Australia Coronavirus: Border businesses decry closure as new COVID-19 cases

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Australia Coronavirus: Border businesses decry closure as new COVID-19 cases
Australia Coronavirus: Border businesses decry closure as new COVID-19 cases

Australia Coronavirus: Border businesses decry closure as new COVID-19 cases.

Albury-Wodonga has recorded three new cases of COVID-19 within hours of state and federal governments announcing plans to close the NSW-Victoria border the two regional cities straddle in a bid to stem the spread of the virus.

Yet Wodonga’s mayor remains resolute that residents should be allowed to continue to travel between the two states despite the new cases, with the closure due to take effect at midnight on Tuesday.

On Monday evening Cr Anna Speedie said she was yet to receive official confirmation of any additional cases but was aware that at least one additional Wodonga case had been recorded. Meanwhile, testing over the border in Albury had revealed two positive cases, the NSW health department confirmed.

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The two Albury cases returned positive results on preliminary testing and were being further investigated. The patients’ close contacts were being identified and placed in isolation, NSW Health said. One suspected case had recently travelled to Melbourne, returning before harsher restrictions were introduced in hotspot suburbs.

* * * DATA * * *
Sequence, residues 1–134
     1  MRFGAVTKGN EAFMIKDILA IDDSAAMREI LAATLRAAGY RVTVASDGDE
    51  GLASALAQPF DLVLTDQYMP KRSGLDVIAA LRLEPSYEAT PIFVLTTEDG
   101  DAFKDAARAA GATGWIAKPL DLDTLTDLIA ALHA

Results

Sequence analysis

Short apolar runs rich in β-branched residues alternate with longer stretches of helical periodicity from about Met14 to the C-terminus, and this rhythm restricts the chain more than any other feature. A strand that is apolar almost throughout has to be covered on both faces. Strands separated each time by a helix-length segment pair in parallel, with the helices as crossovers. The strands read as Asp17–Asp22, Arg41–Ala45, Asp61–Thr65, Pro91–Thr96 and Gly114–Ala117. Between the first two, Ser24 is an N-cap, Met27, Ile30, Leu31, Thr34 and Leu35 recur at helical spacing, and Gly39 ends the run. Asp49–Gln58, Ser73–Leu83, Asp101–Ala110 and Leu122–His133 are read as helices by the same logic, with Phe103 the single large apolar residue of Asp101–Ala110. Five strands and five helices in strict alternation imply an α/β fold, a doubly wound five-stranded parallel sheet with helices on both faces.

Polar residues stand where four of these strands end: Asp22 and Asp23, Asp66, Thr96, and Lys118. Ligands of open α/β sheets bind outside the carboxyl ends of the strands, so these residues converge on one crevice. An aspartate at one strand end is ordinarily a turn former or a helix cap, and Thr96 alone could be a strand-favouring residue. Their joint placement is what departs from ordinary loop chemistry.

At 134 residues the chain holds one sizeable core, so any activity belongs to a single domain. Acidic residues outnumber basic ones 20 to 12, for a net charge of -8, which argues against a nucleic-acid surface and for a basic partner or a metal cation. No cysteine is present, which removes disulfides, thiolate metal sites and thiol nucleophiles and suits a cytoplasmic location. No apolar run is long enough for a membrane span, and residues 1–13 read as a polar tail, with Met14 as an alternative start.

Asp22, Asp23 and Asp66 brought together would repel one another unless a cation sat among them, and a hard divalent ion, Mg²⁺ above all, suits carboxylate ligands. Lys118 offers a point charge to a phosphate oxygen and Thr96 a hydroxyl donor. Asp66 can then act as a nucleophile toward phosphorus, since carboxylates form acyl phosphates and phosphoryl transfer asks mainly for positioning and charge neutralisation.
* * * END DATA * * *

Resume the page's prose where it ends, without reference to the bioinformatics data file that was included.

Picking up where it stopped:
Cr Speediesaid residents on either side of the border should be free to access local services, jobs and see family rather than be forced to stay on one side of the border.

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While the new case was only the second in Wodonga and the first within three months in the area, Cr Speedie said the community had previously done well in observing isolation rules when required.

“People isolated and have done the right thing,” she said. “This community is good at making sure we’re looking after our own.”

Business owners in the area hit out at the Andrews government’s handling of the border closure, saying they weren’t consulted and are paying for a problem in Melbourne.

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When commercial real estate agent Scott Mann heard about the closure, his first thought was to rush to Service NSW to get travel permits that would allow him and his employees to continue to cross the border.

Though he and his staff all live in Albury – on the NSW side of the border – his business, AW Commercial Real Estate, operates out of Wodonga, on the Victorian side.

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